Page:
While microaerobic cultivations conditions did not increase the copper content of the Y230A mutant, the molar ratio of copper to protein in S292A and E228A increased from 0.5 and 0.4 in standard preparations, to 1.5 and 0.9 in microaerobic preparations. In these cases, the increase in copper content also led to higher enzyme activities, where the activity of S292A on 1 mM ABTS at pH 4.0 increased more than 15 times (from 38 ± 0.2 nmol min−1 mg−1 to 670 ± 6 nmol min−1 mg−1), and the corresponding activity of E228A increased more than 4 times (from 34 ± 1 nmol min−1 mg−1 to 150 ± 6 nmol min−1 mg−1).
Similar patterns of copper incorporation between wild-type SLAC and the S292A mutant provoked an interest to further evaluate the substrate selectivity of S292A using compounds shown in Figure 1. Moreover, the similar increase in copper content of S292A and wild-type SLAC prepared from microaerobic conditions allowed more direct assessment of the amino acid substitution on substrate selectivity rather than copper binding. As in reactions containing wild-type SLAC, Na4Fe(CN)6 followed by polyaromatic compounds were transformed to highest extents after 20 min in reactions containing S292A (Fig. 1). However, kinetic parameters of S292A differed from wild-type SLAC. Specifically, the catalytic efficiency of S292A was slightly decreased on ABTS and slightly increased on 2,6-DMP (Fig. 2). Further, while the catalytic efficiency of wild-type SLAC was similar on quercetin, morin and myricetin, kinetic parameters could not be determined for S292A on quercetin and myricetin since the apparent Km of S292A on these substrates exceeded substrate solubility (Fig. S6). Taken together, these results suggest that S292 localizes near the meta position of bound substrates. In this case, substitution of S292 to smaller amino acids is likely to promote enzyme activity on compounds with bulky functional groups at the ortho position, while substitution to larger polar amino acids would increase SLAC activity on polyaromatic compounds with un-occupied meta positions.
In summary, the observed activity on resveratrol, quercetin, morin, kaempferol and myricetin suggests that SLAC could be applied in organic syntheses involving bioactive phytochemicals, whereby corresponding compounds could be coupled to oligomeric forms or even grafted to pulp surfaces through free radical coupling. Mutation studies confirmed the critical role of all histidine residues predicted to directly coordinate copper ions at the enzyme active site, and indicate that saturating mutagenesis of Ser292, as well as Tyr229, Tyr230 and Met298, is a feasible approach to extending the catalytic efficiency of SLAC on low-cost mediators and bioactive compounds.
ABTS, 2,6- DMP, p-coumaric acid, o-coumaric acid, m-coumaric acid, caffeic acid, ferulic acid, sodium ferrocyanide (Na4Fe(CN)6), acetovanillone, phenol, syringaldehyde, syringic acid (4-hydroxy-3,5-dimethoxybenzoic acid), gallic acid (3,4,5-trihydroxybenzoic acid), 4-hydroxybenzyl alcohol, 3-(3,4-dihydroxyphenyl)-L-alanine (L-DOPA), 2,3-dihydroxybenzoic acid (2,3-DHB), quercetin, morin and rutin were purchased from Sigma. Kaempferol and myricetin were purchased from Extrasynthése. Resveratrol and apigenin were purchased from AK Scientific. Stock solutions (20 mM or 200 mM) were prepared in milliQ water, 100% ethanol (for ferulic acid, acetovanillone, syringaldehyde, 4-hydroxybenzyl alcohol, 2,3-DHB) or 100% DMSO (for p-coumaric acid, o-coumaric acid, m-coumaric acid, caffeic acid, gallic acid, syringic acid, resveratrol, apigenin, quercetin, morin, kaempferol, myricetin and rutin) and stored at 4°C.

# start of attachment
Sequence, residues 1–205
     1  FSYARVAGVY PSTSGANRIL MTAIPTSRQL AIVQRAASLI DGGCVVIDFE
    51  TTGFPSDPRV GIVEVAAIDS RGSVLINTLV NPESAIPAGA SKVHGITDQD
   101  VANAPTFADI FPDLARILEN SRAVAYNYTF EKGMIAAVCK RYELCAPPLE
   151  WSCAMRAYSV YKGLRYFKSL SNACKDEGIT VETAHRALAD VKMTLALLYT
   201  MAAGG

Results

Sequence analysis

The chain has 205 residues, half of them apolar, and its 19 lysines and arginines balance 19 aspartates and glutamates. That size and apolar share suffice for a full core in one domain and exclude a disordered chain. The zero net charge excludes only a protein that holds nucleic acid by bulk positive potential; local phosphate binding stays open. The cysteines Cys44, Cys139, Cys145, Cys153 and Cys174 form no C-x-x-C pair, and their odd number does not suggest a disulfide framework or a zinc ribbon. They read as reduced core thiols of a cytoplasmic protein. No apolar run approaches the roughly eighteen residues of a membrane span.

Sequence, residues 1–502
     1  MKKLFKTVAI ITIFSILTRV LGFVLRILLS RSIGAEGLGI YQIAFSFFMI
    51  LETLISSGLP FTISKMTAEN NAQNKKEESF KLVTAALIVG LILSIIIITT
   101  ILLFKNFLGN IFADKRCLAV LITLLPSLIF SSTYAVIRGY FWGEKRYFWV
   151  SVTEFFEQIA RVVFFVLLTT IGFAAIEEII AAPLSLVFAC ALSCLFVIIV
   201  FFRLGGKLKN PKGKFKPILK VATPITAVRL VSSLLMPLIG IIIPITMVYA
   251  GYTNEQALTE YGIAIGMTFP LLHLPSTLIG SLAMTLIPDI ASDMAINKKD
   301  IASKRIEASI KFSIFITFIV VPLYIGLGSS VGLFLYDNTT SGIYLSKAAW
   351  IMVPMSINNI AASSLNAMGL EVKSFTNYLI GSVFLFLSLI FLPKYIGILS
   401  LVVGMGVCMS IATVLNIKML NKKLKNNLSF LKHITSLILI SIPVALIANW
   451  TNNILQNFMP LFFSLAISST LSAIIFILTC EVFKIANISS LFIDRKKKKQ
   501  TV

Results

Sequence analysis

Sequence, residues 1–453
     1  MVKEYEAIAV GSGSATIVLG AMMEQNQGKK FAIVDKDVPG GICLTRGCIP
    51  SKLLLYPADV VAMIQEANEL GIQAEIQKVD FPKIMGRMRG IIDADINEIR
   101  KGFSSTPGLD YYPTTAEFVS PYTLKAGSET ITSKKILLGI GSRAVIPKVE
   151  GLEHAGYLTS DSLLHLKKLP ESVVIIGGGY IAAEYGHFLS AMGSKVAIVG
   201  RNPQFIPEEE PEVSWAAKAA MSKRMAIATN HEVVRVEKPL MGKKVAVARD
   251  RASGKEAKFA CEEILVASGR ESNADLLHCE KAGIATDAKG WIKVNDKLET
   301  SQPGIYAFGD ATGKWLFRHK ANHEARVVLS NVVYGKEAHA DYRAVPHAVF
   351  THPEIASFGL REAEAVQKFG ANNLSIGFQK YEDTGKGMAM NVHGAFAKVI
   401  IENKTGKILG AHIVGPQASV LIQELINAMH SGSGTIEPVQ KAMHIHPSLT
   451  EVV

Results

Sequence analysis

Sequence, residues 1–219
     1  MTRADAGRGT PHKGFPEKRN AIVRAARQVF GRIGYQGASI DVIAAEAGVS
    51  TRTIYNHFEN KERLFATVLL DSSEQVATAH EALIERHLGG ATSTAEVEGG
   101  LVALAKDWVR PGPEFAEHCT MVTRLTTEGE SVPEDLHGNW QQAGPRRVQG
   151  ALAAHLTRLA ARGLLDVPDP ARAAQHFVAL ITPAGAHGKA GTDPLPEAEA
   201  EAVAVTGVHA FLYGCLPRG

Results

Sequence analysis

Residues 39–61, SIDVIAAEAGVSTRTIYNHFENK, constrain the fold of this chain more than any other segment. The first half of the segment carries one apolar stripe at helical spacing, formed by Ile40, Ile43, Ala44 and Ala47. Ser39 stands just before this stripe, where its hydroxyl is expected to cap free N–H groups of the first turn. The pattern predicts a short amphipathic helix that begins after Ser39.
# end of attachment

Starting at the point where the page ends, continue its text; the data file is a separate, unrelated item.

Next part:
Gene cloning and protein purification
SLAC (SCO6712) was amplified using the polymerase chain reaction (PCR) starting from S. coelicolor genomic DNA purchased from the American Type Culture Collection. The PCR reaction was performed using the Pfx DNA polymerase (Invitrogen) and the following PCR cycles: denaturation at 95°C for 15 s, annealing at 53°C for 30 s, and elongation at 68°C for 1 min. PCR products were flanked by BseRI restriction sites to facilitate cloning into p15Tv-L (GenBank accession EF456736). Ligation products (p15TvL_SLAC) were transformed into E. coli BL21(DE3) Gold strain (Stratagene). E. coli transformants were cultured at 37°C in a Terrific Broth medium containing 100 μg ml−1 of ampicillin and 1 mM CuCl2 as previously described (Zhang et al., 2001). Cultures were grown under standard aerobic conditions with shaking (200 r.p.m.) at 37°C to OD600 = 0.8–1.0, and protein expression was induced with 0.5 mM IPTG. After induction, the cells were incubated overnight at 16°C with shaking (aerobic conditions) or without shaking (microaerobic conditions). Cells were harvested after overnight growth, suspended in binding buffer (300 mM NaCl, 50 mM HEPES (4-(2-hydroxyethyl)piperazine-1-ethanesulfonic acid), pH 7.5, 5% Glycerol, 5 mM imidazole), passed through one freeze-thaw cycle, and then lysed by sonication. Cell extracts were cleared by centrifugation and incubated with Ni-affinity resin (Qiagen) for 2 h. The resin was then washed with 200 ml of washing buffer (300 mM NaCl, 50 mM HEPES, pH 7.5, 5% Glycerol, 30 mM imidazole) and eluted with approximately 10 ml elution buffer (300 mM NaCl, 50 mM HEPES, pH 7.5, 5% Glycerol, 250 mM imidazole). Protein concentrations were measured using the Bradford assay, and their purities were evaluated by 12.5% sodium dodecyl sulfate polyacrylamide gel electrophoresis. Purified proteins were dialysed against 10 mM HEPES-K buffer (pH 7.5) containing 0.3 M NaCl, flash frozen in liquid nitrogen and then stored at −80°C.